The Chicago Manual of Style holds that adjectives that refer to a nationality or a place are usually not capitalized when used in a nonliteral way; thus dutch oven, french windows, and venetian blinds.
I came across French drains in a book I was copy editing today, and I very nearly lowercased it out of habit when I realized I had no idea what a French drain was. Was it possible that a French drain was in some way literally French? I couldn’t imagine a way that it could be, but I stopped to Google it just in case.
Wikipedia asserts that some authorities say the term is “merely a popular corruption” of the term trench drain (which is a real term, though for a slightly different kind of drain), in which case it would certainly be lowercase f. But I decided to keep looking anyway, and a good thing I did, too, because over 100 other websites — including Wiktionary — say that the French drain was invented by Henry French of Concord, Massachusetts, who published the idea in his 1859 book, Farm Drainage.
I haven’t actually searched the Library of Congress database to confirm that such a book exists, because life is short and so are deadlines, so it’s not impossible that the existence of this book is merely an urban legend. But given the specificity of the references, and the fact that a couple of the sites contain some details as to Henry French’s biography and the contents of his book, it seems much more plausible to me that the French drain/trench drain connection is the popular mistake and that Henry French is the correct explanation. So till I learn otherwise, that’s the one I’m going with.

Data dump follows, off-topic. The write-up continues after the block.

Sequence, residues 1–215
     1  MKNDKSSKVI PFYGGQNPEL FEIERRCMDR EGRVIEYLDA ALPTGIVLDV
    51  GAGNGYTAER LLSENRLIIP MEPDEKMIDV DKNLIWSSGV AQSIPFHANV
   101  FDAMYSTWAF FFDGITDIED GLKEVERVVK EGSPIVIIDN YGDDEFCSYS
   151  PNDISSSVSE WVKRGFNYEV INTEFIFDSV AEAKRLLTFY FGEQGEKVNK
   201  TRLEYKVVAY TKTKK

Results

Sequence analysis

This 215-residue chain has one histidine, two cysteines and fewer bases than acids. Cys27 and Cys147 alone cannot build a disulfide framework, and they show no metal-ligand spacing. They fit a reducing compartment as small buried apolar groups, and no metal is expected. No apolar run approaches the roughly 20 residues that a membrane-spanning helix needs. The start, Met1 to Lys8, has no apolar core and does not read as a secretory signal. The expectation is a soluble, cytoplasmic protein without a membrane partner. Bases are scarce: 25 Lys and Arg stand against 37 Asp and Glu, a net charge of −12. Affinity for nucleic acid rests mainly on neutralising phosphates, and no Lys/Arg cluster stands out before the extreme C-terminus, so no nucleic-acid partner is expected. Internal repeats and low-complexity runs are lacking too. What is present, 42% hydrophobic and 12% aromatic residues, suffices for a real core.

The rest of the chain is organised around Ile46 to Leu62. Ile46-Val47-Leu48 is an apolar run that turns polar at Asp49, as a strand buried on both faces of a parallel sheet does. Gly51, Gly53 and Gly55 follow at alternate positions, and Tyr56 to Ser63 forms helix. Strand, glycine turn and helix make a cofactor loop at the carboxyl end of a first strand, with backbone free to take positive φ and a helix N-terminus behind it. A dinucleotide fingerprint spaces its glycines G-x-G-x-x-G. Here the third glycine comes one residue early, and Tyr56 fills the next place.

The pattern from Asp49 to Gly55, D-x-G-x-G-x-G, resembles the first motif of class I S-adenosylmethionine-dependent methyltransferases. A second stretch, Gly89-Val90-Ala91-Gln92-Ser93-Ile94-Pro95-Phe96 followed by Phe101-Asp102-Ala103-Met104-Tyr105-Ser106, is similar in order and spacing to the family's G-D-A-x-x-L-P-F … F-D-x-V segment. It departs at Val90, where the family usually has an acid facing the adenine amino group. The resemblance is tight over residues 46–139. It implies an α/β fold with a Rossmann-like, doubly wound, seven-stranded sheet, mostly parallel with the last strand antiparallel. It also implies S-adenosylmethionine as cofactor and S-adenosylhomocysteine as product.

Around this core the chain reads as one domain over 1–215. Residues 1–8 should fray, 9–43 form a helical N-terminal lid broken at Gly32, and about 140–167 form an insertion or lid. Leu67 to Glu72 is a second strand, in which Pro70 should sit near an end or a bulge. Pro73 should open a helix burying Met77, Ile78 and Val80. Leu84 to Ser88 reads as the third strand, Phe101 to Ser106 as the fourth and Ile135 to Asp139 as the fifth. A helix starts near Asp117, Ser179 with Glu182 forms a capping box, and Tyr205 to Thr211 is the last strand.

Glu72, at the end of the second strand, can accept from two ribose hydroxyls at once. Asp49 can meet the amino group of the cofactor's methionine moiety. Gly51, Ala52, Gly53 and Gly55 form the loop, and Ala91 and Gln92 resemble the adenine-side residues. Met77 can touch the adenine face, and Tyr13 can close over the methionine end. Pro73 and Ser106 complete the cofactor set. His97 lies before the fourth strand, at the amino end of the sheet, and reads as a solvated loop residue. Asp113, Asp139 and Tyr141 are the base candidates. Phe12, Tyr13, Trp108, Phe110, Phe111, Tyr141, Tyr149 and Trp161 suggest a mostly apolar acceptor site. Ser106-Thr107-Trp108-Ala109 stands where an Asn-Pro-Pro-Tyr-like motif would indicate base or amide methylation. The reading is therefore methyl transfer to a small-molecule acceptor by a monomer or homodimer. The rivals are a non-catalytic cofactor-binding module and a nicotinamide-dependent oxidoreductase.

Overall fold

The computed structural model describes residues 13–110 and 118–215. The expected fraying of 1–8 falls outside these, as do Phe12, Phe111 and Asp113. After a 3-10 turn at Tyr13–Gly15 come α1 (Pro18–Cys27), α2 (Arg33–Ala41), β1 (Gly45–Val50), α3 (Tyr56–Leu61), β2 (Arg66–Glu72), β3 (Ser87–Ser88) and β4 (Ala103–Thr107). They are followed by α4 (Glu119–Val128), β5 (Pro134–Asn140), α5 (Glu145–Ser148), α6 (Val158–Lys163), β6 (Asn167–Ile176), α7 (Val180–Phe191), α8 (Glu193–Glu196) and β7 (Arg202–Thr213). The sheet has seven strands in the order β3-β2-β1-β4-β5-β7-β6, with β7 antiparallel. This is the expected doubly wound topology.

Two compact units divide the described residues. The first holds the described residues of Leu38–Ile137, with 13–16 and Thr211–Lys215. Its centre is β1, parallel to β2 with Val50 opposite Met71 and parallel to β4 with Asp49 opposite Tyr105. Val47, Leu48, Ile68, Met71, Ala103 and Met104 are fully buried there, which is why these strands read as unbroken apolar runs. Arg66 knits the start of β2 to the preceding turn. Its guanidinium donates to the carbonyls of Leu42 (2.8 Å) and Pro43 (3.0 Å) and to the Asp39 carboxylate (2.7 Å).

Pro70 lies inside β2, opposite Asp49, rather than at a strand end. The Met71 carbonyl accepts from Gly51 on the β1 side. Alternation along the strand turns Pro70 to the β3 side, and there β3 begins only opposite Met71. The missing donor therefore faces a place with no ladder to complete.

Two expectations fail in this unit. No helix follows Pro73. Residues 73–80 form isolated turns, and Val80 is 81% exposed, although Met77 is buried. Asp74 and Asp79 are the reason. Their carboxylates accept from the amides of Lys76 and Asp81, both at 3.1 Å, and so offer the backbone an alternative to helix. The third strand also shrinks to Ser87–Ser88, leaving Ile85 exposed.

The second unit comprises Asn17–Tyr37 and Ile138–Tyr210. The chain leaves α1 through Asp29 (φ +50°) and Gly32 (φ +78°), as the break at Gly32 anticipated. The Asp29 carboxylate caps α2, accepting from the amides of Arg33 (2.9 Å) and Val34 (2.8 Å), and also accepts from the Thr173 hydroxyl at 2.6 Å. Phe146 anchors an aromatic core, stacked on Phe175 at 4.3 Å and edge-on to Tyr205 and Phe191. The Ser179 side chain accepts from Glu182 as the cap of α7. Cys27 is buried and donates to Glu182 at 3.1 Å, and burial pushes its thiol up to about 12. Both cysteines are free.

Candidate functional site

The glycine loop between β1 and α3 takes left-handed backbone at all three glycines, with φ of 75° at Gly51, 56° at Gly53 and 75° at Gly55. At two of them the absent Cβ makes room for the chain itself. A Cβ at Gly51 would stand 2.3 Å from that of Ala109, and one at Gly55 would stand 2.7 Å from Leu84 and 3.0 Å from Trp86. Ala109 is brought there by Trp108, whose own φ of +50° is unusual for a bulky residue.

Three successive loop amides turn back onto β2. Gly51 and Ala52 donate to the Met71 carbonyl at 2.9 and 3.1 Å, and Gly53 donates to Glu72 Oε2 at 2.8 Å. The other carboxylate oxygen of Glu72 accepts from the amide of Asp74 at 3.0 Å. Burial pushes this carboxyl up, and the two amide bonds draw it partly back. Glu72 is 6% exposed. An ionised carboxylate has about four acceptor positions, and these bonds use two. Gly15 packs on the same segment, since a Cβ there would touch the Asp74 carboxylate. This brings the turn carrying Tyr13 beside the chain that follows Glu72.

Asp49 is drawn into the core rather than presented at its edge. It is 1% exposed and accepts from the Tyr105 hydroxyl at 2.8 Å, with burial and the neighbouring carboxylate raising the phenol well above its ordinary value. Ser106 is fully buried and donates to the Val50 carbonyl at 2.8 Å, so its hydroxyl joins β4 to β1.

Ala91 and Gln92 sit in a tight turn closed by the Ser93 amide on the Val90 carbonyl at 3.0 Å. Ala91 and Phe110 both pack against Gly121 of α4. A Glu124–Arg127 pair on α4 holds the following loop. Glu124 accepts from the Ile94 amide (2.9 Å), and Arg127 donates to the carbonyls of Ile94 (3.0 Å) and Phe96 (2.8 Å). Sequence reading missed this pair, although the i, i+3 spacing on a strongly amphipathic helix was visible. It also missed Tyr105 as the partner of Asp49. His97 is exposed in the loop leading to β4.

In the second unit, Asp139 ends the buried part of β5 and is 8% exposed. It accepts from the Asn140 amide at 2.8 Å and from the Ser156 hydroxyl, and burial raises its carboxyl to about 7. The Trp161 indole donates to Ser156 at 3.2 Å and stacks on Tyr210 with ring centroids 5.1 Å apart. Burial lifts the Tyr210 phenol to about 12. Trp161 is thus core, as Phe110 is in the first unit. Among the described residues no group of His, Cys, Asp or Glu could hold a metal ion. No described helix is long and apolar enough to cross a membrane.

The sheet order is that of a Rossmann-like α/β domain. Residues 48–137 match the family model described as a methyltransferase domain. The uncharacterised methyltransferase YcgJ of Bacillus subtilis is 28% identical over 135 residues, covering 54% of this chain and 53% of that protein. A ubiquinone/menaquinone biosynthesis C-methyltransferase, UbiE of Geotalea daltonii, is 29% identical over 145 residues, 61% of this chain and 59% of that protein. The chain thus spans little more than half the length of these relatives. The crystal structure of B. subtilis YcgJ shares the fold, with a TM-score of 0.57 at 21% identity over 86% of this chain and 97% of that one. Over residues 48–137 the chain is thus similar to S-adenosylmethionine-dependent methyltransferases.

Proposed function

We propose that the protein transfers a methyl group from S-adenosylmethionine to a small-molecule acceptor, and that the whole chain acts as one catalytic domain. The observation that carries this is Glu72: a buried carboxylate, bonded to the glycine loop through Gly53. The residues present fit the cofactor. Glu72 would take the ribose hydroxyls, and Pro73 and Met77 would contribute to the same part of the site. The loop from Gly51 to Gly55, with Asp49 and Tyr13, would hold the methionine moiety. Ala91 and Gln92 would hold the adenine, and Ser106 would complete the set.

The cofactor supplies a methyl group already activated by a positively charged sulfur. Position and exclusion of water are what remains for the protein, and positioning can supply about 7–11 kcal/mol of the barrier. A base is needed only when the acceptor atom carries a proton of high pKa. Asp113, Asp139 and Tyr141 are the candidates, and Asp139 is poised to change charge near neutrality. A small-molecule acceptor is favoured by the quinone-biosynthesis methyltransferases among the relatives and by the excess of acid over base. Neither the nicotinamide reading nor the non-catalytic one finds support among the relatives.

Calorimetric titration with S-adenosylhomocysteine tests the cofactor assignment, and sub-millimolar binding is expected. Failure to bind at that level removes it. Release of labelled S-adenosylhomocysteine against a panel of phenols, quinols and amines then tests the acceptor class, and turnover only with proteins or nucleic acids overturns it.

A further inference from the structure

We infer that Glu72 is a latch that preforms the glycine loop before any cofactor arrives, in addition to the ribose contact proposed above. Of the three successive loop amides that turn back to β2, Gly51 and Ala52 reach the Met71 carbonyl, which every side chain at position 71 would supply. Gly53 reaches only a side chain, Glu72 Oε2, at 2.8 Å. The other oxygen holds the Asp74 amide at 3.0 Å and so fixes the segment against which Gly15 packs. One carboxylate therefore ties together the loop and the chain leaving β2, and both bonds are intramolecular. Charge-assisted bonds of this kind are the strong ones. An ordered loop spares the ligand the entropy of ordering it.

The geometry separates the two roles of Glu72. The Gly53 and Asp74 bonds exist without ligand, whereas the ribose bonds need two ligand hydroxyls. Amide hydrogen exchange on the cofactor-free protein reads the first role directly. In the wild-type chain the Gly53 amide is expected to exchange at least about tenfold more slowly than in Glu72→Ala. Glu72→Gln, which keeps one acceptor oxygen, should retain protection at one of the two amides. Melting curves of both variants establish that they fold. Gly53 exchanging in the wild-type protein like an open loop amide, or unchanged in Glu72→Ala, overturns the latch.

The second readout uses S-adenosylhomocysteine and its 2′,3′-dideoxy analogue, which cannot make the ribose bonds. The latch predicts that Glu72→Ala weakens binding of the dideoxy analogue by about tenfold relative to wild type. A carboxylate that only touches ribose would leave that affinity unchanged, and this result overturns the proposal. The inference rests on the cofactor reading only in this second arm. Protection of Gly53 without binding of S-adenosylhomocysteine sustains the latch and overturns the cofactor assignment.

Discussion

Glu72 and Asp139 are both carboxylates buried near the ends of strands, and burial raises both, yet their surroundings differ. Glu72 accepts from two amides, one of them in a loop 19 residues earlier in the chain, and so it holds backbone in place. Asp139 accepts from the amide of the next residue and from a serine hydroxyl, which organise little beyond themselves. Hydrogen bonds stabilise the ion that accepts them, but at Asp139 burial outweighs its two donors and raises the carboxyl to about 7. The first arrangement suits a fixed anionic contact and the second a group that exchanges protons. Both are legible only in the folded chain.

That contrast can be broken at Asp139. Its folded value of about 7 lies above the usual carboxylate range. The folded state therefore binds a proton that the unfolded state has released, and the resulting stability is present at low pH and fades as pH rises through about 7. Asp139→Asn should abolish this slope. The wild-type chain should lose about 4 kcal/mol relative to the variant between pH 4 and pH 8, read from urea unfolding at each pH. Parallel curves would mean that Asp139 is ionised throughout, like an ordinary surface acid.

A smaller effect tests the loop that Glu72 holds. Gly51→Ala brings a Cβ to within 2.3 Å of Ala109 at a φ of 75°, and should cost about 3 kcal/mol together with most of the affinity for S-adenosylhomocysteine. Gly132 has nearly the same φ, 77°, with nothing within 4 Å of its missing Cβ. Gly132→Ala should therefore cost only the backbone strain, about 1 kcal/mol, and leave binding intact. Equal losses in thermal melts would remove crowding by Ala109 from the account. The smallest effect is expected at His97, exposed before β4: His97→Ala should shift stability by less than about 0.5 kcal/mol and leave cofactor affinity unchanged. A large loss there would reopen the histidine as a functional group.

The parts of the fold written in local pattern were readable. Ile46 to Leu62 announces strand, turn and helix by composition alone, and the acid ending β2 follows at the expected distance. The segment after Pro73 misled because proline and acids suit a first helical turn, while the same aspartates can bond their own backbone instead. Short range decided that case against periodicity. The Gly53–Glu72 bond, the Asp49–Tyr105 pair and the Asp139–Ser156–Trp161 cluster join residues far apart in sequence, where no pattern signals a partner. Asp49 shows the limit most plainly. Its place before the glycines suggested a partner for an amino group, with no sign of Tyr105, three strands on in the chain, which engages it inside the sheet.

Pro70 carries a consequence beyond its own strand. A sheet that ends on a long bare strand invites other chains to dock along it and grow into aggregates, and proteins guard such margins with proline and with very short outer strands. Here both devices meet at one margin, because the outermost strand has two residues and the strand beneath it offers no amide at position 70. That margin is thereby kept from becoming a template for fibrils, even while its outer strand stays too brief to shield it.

Ergo, capital F.
Later: Dave found copies of the book listed for sale at Bookfinder, so I think that closes the case. Farm Drainage seems to have been very popular: it went through many editions and was still in print in the early 20th century.